Vernacular building is the building for ordinary people, constrained by the practicalities of environmental conditions and physical materials, and influenced by traditional culture, but not mediated by professional architects and engineers. Combinations of earth and timber, such as wattle and daub, are found in the vernacular in almost every part of the world, but are a source of great confusion to archaeologists and scholars. Archaeologists are misled by the remains, in which the earth may have survived but the timber usually does not. Techniques such as Lehmwickel are never recognised in archaeological work. There is no common system of naming or classification, and English speakers regularly describe any combination of earth and timber in walling as ‘wattle and daub’. Many of these techniques have been changed by the impact of modern technology, notably pole and pug construction (which is often confused with wattle and daub, though it is quite different in principle); this is essentially a 19th century development because it relies upon plentiful and cheap nails. The purpose of this paper is to establish a common terminology in English, and where possible in other relevant languages, so that misinterpretations are avoided and scholarship can proceed on an orderly basis.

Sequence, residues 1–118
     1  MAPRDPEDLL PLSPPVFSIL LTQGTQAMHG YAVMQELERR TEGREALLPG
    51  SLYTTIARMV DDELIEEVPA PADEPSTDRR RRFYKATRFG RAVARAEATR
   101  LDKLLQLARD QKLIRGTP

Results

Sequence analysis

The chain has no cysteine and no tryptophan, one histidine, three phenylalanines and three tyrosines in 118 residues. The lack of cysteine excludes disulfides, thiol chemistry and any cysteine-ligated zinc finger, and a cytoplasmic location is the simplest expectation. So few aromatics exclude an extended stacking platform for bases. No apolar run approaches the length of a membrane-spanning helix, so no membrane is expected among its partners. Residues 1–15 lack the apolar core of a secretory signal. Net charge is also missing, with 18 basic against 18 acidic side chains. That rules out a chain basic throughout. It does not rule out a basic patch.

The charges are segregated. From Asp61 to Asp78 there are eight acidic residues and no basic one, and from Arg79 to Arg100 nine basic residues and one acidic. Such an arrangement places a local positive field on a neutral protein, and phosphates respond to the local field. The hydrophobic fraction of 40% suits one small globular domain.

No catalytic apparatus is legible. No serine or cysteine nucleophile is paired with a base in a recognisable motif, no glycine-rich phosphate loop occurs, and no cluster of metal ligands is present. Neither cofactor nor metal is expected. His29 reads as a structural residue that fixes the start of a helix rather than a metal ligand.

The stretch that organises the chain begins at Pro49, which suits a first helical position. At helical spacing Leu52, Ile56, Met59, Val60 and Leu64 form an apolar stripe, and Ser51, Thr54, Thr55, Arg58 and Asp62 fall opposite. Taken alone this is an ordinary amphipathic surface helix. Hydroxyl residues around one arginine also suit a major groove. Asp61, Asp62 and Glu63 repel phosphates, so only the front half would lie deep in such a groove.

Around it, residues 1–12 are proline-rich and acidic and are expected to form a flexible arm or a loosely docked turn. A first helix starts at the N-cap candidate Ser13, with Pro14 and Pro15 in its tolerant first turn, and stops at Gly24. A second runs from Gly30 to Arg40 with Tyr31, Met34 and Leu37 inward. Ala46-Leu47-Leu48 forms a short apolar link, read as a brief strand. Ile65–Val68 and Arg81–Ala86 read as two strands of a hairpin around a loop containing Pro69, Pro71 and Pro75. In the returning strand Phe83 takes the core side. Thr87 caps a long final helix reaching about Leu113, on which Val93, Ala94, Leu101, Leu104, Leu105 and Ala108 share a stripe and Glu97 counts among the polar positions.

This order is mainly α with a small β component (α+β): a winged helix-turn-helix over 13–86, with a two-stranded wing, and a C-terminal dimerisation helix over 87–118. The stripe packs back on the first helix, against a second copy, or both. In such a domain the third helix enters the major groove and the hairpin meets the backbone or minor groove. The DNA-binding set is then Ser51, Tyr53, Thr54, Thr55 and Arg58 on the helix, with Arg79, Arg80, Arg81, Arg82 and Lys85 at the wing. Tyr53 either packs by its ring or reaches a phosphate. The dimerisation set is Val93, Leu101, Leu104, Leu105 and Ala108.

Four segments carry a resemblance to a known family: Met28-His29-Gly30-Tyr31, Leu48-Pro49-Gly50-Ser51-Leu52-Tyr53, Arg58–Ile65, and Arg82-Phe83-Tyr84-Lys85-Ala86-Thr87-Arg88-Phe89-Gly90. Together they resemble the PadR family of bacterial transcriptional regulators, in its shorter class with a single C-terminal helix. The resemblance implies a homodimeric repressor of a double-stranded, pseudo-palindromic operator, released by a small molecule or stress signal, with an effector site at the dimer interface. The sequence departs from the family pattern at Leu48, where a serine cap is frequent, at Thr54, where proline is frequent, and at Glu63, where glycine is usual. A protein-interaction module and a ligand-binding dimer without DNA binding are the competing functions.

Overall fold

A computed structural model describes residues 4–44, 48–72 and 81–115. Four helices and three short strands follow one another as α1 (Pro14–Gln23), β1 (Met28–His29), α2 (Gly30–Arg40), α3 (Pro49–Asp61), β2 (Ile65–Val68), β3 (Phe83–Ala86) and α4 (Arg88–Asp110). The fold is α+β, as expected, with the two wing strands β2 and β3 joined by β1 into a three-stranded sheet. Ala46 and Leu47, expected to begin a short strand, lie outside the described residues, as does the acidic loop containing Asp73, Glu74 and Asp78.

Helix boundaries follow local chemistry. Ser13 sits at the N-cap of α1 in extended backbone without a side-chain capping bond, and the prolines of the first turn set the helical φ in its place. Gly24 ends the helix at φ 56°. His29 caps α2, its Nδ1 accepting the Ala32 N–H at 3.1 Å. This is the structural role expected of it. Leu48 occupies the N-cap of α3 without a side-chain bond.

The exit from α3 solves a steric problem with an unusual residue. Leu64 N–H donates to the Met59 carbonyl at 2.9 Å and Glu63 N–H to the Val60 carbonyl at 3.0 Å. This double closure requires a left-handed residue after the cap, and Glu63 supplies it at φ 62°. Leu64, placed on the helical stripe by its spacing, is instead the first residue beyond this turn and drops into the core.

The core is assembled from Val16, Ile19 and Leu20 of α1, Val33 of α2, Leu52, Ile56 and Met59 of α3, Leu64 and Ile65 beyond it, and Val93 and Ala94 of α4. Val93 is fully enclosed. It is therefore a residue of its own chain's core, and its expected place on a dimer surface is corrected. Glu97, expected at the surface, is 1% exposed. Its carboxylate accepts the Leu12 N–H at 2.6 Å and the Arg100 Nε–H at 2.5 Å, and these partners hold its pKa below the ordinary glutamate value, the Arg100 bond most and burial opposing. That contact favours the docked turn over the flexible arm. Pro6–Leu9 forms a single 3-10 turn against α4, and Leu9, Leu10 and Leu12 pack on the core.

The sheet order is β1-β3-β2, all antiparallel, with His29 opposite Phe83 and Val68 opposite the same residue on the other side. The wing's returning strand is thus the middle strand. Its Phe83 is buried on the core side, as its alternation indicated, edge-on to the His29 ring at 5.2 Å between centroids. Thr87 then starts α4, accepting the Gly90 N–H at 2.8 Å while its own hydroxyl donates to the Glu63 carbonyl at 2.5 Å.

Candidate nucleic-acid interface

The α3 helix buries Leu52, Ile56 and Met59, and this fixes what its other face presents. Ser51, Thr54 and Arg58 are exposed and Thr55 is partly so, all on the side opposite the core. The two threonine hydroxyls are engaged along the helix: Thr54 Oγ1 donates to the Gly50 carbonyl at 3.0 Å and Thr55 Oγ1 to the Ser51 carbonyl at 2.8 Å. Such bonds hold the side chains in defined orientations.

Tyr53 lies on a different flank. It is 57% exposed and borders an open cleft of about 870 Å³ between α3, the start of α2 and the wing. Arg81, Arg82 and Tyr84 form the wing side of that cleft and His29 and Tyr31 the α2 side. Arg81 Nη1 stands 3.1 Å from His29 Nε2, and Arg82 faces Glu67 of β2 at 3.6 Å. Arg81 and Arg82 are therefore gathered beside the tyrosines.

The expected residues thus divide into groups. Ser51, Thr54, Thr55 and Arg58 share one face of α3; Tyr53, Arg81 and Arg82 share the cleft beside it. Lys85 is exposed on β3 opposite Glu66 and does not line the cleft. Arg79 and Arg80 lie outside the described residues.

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Lewis, M. Composite Vernacular Constructions. Built Heritage 3, 26–40 (2019). https://doi.org/10.1186/BF03545717
- mixed construction
- wattle and daub
- lath and pug
- pole and pug